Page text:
Stephen Weatherly answers the call for Vikings
When Olympic cross country skiing gold medalist Jessie Diggins visited the Vikings practice facility on Friday, she gave a speech to the team that centered on the theme Vikings coaches had been preaching to players all week: the importance of finishing.
Third-year defensive end Stephen Weatherly was paying rapt attention, knowing he was set for a busy day of work Sunday as one of the Vikings only two healthy defensive ends heading to Philadelphia. Weatherly and Danielle Hunter had been working on their conditioning all week in preparation for the game, but Diggins message drove the point home.
She said she doesnt know much about football; she definitely doesnt know what its like to go out there and try to maul someone, Weatherly said. But one thing she does know is the preparation, and what its like when youre in your moment, for your sport, and theres that crucial time, and youve given everything you have up to that point but you need more. Everyone has felt that, at every position, when we feel like weve given it all, but now that crucial point is coming up. What will you do?
Before this season, Weatherly had few chances to showcase himself on the field in the NFL. But by playing 54 of the Vikings 59 defensive snaps in their win on Sunday, the 2016 seventh-round pick delivered the biggest moment of his career.
Weatherlys second career sack started with an outside rush on right tackle Lane Johnson, before beating him to the inside with an up-and-under move once he got Johnson to shift his weight. Weatherly swatted the ball out of Carson Wentzs hand, and into the waiting arms of Linval Joseph, who rumbled 64 yards for a touchdown.
While Everson Griffen remains away from the team while dealing with mental health issues, the Vikings have turned to Weatherly, installing him as their starting left end while moving Danielle Hunter to Griffens normal spot on the right side.
He had played just 91 career snaps on defense before this season, working mainly on special teams while studying under the Vikings veterans and defensive line coach Andre Patterson. Hed primarily been known to fans for his unique background off the field: Weatherly plays nine musical instruments, was the captain of his high school robotics team, spent time in Germany in high school, and has a grandmother (Dianna Johnson) who studied at MIT and Harvard.
Now that hes getting his chance to start, hes adding some NFL highlights to his eclectic upbringing.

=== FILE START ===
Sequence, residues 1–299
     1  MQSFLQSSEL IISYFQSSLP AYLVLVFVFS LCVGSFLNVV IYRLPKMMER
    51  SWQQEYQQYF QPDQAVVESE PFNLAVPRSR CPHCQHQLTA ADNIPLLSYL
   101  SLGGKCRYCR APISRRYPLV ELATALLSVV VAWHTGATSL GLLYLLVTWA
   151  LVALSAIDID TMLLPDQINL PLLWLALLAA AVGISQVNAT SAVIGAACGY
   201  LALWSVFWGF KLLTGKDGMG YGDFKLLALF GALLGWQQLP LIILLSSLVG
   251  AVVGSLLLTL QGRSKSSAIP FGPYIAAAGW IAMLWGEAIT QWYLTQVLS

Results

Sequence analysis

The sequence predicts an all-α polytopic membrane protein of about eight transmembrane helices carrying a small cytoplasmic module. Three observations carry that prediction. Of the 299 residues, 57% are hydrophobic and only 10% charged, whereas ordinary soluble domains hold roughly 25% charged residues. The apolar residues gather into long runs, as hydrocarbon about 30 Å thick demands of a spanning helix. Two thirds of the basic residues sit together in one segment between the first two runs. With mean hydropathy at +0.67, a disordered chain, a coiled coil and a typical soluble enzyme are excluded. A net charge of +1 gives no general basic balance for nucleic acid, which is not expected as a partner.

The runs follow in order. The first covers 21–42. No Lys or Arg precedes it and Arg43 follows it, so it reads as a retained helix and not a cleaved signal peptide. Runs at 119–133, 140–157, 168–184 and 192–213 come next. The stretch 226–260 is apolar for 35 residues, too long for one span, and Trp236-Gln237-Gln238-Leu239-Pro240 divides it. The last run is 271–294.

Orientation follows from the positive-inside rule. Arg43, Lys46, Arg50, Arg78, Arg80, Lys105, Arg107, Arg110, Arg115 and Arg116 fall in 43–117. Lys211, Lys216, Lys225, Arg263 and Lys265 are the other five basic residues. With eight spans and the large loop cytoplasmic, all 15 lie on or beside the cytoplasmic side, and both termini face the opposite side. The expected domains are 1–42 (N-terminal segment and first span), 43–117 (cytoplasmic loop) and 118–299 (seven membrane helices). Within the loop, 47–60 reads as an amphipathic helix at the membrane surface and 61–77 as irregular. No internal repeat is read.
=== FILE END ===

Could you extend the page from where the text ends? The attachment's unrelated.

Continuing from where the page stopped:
Hes just going out there and just playing, Hunter said. Hes not thinking. I talk to him before the game and just say, Bro, just go out there and do you. Dont worry about what nobody else says about you. Its on you now. Just go do you.andthinsp;
Though Weatherly had a modest 11andthinsp;andfrac12; sacks in college, shifting from a rotational defensive end to a 3-4 linebacker at Vanderbilt, he fit the profile of the lanky, athletic pass rusher the Vikings have coveted under coach Mike Zimmer and Patterson. The 6-foot-5, 265-pound end ran a 4.61 40-yard dash and bench pressed 225 pounds 23 times at the NFL combine, pairing his intelligence with an athletic ability that drew the Vikings to him.
Now that hes getting his chance to play, Zimmer said, hes showcasing the technical improvements hes made in his time with the Vikings.
When he first came here in the first little bit, he was a guy that would stop his feet on the rush [and] kind of measure, Zimmer said. Now hes just rushing and using his athletic abilities. If the guy oversets he comes inside, if he sets too tight, he works the outside edge. I think hes just getting a better feel of it, but the number one thing is not stopping his feet.
Weatherly didnt have much time to stop Sunday, and he could be in a starting role for the foreseeable future, as the Vikings wait to see whether Griffen will be able to return to them.
In the meantime, as Weatherly gets his opportunity, hes making sure to run with it.
Its easy when you go through a game, and youre not having pressures or youre not as effective as you want to be, to abandon your go-to moves and try to improvise something, Weatherly said. Watching guys like D [Hunter] and [Griffen] use their moves, and you see it pay off late in games, its really just sticking to what Ive been practicing all week.